I think I much prefer the black and white version and it’s more in keeping with the overall theme of the Famous Mo’s website.
I have always loved this caption from a cartoon by Carl Rose, published in 1928 in The New Yorker. And, I only recently discovered that although the drawing was by Carl Rose, the caption, which is what caught my interest in the first place, was penned by none other than E.B. White. I, too, say, “it’s spinach and I say the Hell with it!” My shot today is of a head of broccoli that will soon be steamed and served on my dinner table, but not tonight. And, I found a link to a copy of the original cartoon. I don’t know why it has always amused me so much but I used to have a copy of this pinned to the wall in my cubicle at work.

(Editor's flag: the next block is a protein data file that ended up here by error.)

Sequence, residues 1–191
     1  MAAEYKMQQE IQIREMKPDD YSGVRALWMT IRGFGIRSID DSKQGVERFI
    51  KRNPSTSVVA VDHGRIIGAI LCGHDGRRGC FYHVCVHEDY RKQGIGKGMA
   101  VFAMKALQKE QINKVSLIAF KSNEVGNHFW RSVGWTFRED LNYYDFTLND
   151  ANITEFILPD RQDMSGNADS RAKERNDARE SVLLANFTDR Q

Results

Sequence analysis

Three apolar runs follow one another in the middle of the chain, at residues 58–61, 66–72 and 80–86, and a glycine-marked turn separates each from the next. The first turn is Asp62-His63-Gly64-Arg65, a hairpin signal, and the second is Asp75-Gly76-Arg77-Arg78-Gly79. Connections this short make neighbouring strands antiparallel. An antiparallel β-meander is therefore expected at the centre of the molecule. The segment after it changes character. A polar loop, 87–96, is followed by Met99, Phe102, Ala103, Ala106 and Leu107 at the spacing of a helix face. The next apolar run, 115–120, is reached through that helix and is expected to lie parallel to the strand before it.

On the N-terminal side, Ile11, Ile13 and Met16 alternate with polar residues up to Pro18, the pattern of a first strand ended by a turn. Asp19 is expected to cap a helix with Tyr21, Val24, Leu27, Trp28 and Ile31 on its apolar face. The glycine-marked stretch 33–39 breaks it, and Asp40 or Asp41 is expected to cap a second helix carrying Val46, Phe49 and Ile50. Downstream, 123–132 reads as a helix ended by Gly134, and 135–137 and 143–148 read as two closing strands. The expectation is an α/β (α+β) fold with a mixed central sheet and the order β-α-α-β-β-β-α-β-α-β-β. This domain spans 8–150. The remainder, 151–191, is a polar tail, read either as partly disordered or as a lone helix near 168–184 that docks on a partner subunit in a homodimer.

I heard the helicopter flying over my house about 7:30 this evening and decided to try to photograph it. I heard no sirens or other activity that might point to any nefarious activity but I’ll never know what brought it out tonight. When the copters fly at night, they use their powerful searchlight to seek out their subject and I tried to capture that. It was a challenge to anticipate when the copter would reappear over my rooftop and then to focus the lens in time to get a shot before it disappeared behind the trees. All I could see in the darkness was the searchlight and a few other lights on the copter. Only when I downloaded the shots did I find one shot that revealved both the searchlight and some of the body, and that, only after I increased the exposure. I had already increased the ISO to 3200, so there is lots of noise, but in this case, I think it adds a bit of interest to the shot. And, besides, it’s the only shot I have to post today.